In the Loa water system of the Atacama Desert in northern Chile, careful management of groundwater is vital and data are sparse. Several key management questions focus on aquifers that occur in the Calama sedimentary basin, through which groundwater and Loa surface water flow to the west. The complexity of the two major aquifers and their discharge to wetlands and rivers are governed by primary facies variations of the sedimentary rocks as well as by faults and folds that create discontinuities in the strata. This study integrates geological studies with groundwater hydrology data to document how the aquifers overlay the formations and facies. Neither the phreatic aquifer nor the confined or semiconfined aquifer, each of which is identified in most basin sectors, corresponds to a laterally persistent geological unit. The variable properties of low-permeability units sandwiched between units of moderate to high permeability cause a patchwork pattern of areas in which water is exchanged between the two aquifers and areas where the lower aquifer is confined. The westward termination of most of the sedimentary rocks against a north-trending basement uplift at an old fault zone terminates the principal aquitard and the lower aquifer. That termination causes lower aquifer water to flow into the upper aquifer or discharge to the rivers. The regionally important West fault juxtaposes formations with differing lithological and hydraulic properties, resulting in some exchange of water between the upper and lower aquifers across the fault.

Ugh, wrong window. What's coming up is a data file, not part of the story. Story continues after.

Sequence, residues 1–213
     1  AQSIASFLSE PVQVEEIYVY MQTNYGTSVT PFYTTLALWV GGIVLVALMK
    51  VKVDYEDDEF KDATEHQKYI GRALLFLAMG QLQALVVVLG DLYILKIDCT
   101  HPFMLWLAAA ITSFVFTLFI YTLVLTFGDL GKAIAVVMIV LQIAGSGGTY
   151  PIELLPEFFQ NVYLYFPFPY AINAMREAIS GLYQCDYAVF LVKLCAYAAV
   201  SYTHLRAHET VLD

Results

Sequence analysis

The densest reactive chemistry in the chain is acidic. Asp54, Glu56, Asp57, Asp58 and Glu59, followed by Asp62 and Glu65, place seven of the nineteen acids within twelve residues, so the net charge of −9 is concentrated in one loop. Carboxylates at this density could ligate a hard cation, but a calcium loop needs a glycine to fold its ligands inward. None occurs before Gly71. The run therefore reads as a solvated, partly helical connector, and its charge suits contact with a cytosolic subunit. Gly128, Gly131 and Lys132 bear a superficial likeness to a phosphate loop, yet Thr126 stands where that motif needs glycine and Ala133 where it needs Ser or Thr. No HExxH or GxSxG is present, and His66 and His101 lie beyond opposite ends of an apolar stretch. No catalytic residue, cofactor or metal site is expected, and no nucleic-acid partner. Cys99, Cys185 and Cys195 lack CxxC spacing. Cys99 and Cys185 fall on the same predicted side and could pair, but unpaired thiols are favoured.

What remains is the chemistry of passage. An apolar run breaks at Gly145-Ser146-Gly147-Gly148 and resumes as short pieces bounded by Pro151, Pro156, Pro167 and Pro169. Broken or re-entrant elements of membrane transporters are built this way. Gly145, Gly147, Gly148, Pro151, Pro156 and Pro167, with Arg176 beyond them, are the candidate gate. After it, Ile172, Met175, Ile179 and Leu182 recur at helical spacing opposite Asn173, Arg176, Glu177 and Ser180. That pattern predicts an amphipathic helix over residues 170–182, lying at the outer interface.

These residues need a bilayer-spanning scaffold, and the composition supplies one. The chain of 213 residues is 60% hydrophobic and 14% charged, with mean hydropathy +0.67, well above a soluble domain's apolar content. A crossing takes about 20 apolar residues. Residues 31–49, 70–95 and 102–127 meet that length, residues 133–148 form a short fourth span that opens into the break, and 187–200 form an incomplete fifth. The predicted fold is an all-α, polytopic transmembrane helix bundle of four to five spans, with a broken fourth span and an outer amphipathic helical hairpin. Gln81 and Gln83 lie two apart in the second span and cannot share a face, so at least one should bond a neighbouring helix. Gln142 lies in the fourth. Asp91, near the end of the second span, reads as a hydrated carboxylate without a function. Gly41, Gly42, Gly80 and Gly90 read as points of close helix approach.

- Received 11 February 2015.
- Revision received 13 May 2015.
- Accepted 17 June 2015.
- © Geological Society of America
Gold Open Access: This paper is published under the terms of the CC-BY license.